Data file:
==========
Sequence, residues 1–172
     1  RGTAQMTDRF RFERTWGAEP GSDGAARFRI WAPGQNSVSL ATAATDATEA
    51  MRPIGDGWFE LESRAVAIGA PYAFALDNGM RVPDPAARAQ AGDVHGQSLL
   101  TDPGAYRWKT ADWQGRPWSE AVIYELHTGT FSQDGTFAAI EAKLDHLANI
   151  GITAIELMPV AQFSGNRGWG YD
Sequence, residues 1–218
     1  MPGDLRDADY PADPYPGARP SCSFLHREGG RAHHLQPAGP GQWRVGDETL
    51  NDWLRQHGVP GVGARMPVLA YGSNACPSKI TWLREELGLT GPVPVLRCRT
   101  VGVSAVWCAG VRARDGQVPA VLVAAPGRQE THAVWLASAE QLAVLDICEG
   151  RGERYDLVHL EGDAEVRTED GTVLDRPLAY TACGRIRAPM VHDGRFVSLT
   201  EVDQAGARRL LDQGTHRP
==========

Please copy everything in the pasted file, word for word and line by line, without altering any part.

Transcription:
Sequence, residues 1–172
     1  RGTAQMTDRF RFERTWGAEP GSDGAARFRI WAPGQNSVSL ATAATDATEA
    51  MRPIGDGWFE LESRAVAIGA PYAFALDNGM RVPDPAARAQ AGDVHGQSLL
   101  TDPGAYRWKT ADWQGRPWSE AVIYELHTGT FSQDGTFAAI EAKLDHLANI
   151  GITAIELMPV AQFSGNRGWG YD
Sequence, residues 1–218
     1  MPGDLRDADY PADPYPGARP SCSFLHREGG RAHHLQPAGP GQWRVGDETL
    51  NDWLRQHGVP GVGARMPVLA YGSNACPSKI TWLREELGLT GPVPVLRCRT
   101  VGVSAVWCAG VRARDGQVPA VLVAAPGRQE THAVWLASAE QLAVLDICEG
   151  RGERYDLVHL EGDAEVRTED GTVLDRPLAY TACGRIRAPM VHDGRFVSLT
   201  EVDQAGARRL LDQGTHRP